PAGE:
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Google is generally recognized as one of the most important names in the tech game and the world in general. The company has been on the market for quite some time, and it managed to thrive by perfecting its products with each passing year. One simple, yet widely attesting example of this has to do with its famous logo that is familiar at a global scale.
About the Google Logo
What has made the Google logo so easily recognizable in its over two decades of existence is the fact that it always revolved around a few key aesthetic principles? By taking a look at the Google logo design history, you will quickly notice that yourself. Over the years, the now iconic layout stayed more or less in its own lane, while experimenting with change at the same time.
This is, without any shred of doubt, a difficult thing to pull off even for a company as gigantic and notorious as Google. The very first iteration of the logo came about once co-founders Sergey Brin and Larry Page launched the company in 1997, and it went through its first makeover just one year later, in 1998.
In fact, the 1998 outline is what most people today identify as the original Google logo. It was a similar model to the one used by the company today, but it was a lot rougher around the edges from a modern perspective. Of course, this is to be expected, as graphic and web design technology was far less advanced and elegant back then.
Subtle changes have been added to the design ever since. The project has always been overseen by Ruth Kedar, a brilliant graphic designer that Page and Brin met at Stanford University in 1999. The trio hit it off immediately, and they have been collaborating on this aspect of the company’s presentation ever since.
By keeping in tune with the initial simplicity of the design and tweaking fonts and color palettes ever so slightly, Kedar always managed to give the logo a fresh makeover every now and then. The logo that is currently present on the Google homepage was created in 2015, and it features a classic sans serif typeface with a playful twist.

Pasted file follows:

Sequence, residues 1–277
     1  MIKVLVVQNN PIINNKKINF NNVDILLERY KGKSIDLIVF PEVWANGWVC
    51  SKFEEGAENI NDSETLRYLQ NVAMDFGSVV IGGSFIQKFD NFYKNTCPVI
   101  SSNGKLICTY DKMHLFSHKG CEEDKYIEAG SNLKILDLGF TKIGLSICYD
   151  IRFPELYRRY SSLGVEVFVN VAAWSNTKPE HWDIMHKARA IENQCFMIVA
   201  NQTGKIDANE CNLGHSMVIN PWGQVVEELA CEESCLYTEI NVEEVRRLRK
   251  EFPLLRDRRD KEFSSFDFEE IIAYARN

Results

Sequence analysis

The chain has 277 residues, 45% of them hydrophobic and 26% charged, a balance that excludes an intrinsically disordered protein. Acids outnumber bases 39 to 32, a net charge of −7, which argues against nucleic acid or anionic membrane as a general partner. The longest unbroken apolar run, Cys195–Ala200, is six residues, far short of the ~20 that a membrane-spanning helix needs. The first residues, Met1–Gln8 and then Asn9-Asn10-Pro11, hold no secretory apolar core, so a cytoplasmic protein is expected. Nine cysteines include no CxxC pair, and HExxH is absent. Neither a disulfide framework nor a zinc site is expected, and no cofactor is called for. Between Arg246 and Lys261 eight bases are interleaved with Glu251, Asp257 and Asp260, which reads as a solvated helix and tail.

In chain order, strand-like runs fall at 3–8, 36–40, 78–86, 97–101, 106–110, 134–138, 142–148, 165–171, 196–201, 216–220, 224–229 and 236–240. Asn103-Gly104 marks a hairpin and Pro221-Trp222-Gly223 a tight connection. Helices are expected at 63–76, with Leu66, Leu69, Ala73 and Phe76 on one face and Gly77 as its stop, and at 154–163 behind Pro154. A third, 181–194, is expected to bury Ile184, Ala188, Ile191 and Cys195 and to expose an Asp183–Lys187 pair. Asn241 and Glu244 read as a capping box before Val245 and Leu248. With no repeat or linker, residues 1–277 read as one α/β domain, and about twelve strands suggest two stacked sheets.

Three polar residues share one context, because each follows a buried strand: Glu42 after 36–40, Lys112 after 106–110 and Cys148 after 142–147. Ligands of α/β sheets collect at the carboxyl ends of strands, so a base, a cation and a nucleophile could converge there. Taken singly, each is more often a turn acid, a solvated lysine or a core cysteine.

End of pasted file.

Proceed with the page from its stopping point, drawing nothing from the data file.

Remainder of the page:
The color palette has remained the same over the course of the last decade. On the one hand, the G’s and O’s are clad in primary colors of blue, red, and yellow, and so is the final E. The L on the other hand, makes a beautifully discordant note, as it is green.
This idea came about in 2008, when Kedar decided upon this design as a testament to how Google isn’t afraid to step out of its comfort box and not play by the rules. Fonts have come and gone, and so did shading, but it seems that this color palette is here to stay. And yet, who knows what the next update will bring?
Why Is It So Successful?
As mentioned above, the official Google logo that we all know and love thanks to the search engine’s homepage has been through many reiterations over the course of the last two decades. So, how did something that went through almost continuous change manage to remain recognizable in more than 20 years of existence?
The answer is simple. In spite of its many makeovers, the Google logo always followed the same basic principles in terms of positioning, fonts, colors, and overall outline. For one, the fonts used to spell out the company name have never changed drastically. They have always been utilitarian, clean, and minimalistic in nature. Nobody woke up one day and decided to use cursive French Script, or even worse, Webdings. The same is true for the color palette used in most of the designs. With a few exceptions, the shades stayed in the same lane.
This created a product that is dynamic and fresh, yet coherent. Google never tried to blow people’s minds with a completely new and drastically different design. It merely built upon a successful foundation and added subtle hints of elegance with each change. All in all, the logo is so successful because it followed the tried and tested principle of “if it ain’t broke, don’t fix it.”
The Bottom Line
The very first iteration of the famous Google logo was created more than 20 years ago, and it has been following a similar design path ever since. Due to this continuity, it managed to stay successful among members of the general Internet-consuming public, as it never changed too drastically to cause an uproar or any other kind of negative reaction.